What does feminism mean to you?
Matriarchy — a fundamental restructuring of how we relate to one another, how we make and break institutions, and how we respond to and take responsibility for Country, mob and nations. That’s the goal. To me, feminism is a commitment to working towards matriarchy for a lifetime. It’s not in my lifetime, but I often think about what’s possible for the generation that gets there. Matriarchy is exciting, but once it’s a given we can put the enormous energy of blak women’s survival to other work.
Was there a particular moment you can pinpoint that was crucial to the development of your perspective on feminism, and what it means to be a woman writer?
Not really! I’m still reasonably young and my foray into writing and feminism was more of a stumble than anything purposeful. I didn’t think about feminism much when I was young, even though, but probably because, I was surrounded by strong blak women who created the impression in my life that women ruled over all things. I went to a country girls’ high school and remember a teacher telling me offhandedly ‘Oh, don’t be a feminist’ when I thought describing women who ask their husbands to chip in with housework as nags was a bit unfair. It kind of became a big part of my identity then, in a formal way, where being a feminist didn’t occur to me before. For a while, I think I was so insufferable and problematic because I consumed feminist texts available in my library in such an unchecked, isolated way without anyone to guide me in them — I loved the SCUM Manifesto and The Female Eunuch. When I moved to a place where more people called themselves feminists, I walked that road with other women and that was important. So it was a massive source of shame for me, when I went home to where it all began and realise that my whole mob were feminists — I just thought feminism was found elsewhere and I was special for having found it and named it. Just youthful hubris, I guess. I’m grateful that they waited for me to see that. That’s when I really began to think about what feminism means for Indigenous women, and my place within it. I’ll be working that one out forever.
In Blakwork (and your wider body of work), how do you merge personal and political experiences, and why/how is poetry the best way for you to express these ideas?
I don’t see myself consciously merging them. To me, they’re the same — all about illustrating the same power dynamics in macro and micro. Poetry is great for this because it’s so compressed. Poetry is good when it stands alone, but a good poetry collection disciplines all these individual bits of song to harmonise and give something more fulsome. You can use books of poetry to show nuance or build a sense of political and personal urgency, but you can use the individual poems within them to give discrete glimpses or lessons.
I don’t know if poetry is necessarily the best way to express these ideas! I keep doing it because it keeps getting a response. It’s easy to feel attached to the supremacy of a chosen form, and I’m not into revering or deifying poetry like that. Your form does, more or less, whatever work you make it do. Because of its brevity and its recent resurgence, poetry has been put to some deeply concerning and definitely not feminist purposes — like fostering corporate productivity and teaching British soldiers combat decision-making. Poetry can be as much a tool of brutality as one of empathy.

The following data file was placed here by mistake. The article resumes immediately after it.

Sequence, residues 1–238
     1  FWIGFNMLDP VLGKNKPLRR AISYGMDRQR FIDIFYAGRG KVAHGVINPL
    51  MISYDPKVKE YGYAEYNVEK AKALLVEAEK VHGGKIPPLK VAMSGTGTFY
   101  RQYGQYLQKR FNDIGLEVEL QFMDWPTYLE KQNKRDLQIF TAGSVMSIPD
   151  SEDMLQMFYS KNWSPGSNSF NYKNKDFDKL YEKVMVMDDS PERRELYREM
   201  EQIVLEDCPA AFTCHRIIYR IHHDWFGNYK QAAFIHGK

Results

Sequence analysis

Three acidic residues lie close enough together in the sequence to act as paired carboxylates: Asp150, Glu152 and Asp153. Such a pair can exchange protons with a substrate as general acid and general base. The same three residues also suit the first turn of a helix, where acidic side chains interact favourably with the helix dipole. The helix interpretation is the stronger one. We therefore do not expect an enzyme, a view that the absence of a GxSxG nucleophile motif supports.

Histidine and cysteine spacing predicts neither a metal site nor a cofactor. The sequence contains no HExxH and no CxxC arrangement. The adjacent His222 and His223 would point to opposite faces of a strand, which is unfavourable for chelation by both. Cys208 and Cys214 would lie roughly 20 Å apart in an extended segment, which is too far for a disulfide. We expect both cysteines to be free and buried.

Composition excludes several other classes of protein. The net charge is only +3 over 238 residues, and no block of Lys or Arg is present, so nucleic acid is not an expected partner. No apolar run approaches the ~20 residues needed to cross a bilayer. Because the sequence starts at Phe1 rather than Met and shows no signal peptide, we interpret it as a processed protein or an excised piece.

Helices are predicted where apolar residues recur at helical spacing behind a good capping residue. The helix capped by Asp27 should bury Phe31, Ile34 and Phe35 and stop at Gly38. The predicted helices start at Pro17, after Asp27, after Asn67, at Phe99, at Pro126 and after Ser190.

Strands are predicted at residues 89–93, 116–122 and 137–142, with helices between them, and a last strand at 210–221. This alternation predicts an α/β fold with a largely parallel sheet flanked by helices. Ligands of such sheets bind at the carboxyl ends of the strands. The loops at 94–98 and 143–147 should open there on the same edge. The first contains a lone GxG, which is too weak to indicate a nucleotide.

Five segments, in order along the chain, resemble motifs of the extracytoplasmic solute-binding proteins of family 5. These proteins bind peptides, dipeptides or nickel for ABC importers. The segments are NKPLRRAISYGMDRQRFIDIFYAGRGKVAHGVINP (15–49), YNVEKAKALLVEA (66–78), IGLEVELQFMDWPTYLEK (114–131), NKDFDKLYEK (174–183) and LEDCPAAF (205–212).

What are the messages you hope to convey with this new collection?
Blakwork is a confrontational book, and it might be loaded, but I don’t think it has a coherent message inasmuch as it makes a place to tell some stories about Indigenous labour. My first book, Lemons in the Chicken Wire, was a call to the humanity of Indigenous queer and trans mob — one that I don’t regret, but it invited a response that I regret. Lemons was consumed by a white audience who were moved and excited principally by our exotic, niche difference, and it felt bizarre for me and my book to be consumed in that way. This one is pitched in a way that grips the hand of fellow mob in acknowledgement, but also confronts white readership in ways that I hope make them uncomfortable and show them the blak hands and lands that have been made to prop up their lives.
It’s hard to write a book with a message as a blak author. Like many things in Indigenous affairs, your readers bring a message they want to hear. Books are also so big and diffuse as to resist the singularity of a message if you had a willing audience for one anyway. I want to free Blakwork of the pressure of a purpose like that. I hope it can just be.
How can the Australian literary and feminist communities be more inclusive for Indigenous writers?
I used to say just make space and give us resources, but now so many blak women have made new space and built new resources for us to do our own thing and make the models that everyone else will go on to use! So, now I say — make the space if you want, but also we’ve built our own clubhouse, bye.
Oh, pay us. And if you’re going to use our presence to give your communities and events more diversity as a point of authority — whatever, let’s have the maturity to see shallow engagement for what it is — pay us more.
Which women or non-binary writers do you think everyone should read?
Everybody blak, but here’s a sample:
Ellen van Neerven
Charmaine Papertalk Green
Lesley Williams and Tammy Williams
Aileen Moreton Robinson
Ali Cobby Ecerkmann
What piece of writing advice would you give to your younger self?
Never write as if to prove you’re smart.
Alison Whittaker is a Gomeroi poet and legal researcher. Between 2017-2018, she was a Fulbright scholar at Harvard Law School, where she was named the Dean’s Scholar in Race, Gender and Criminal Law. Her second book, Blakwork, was released with Magabala Books in September 2018.
Alison will appear at FWF Sydney 2018 on Writing and Speaking Indigenous Lives.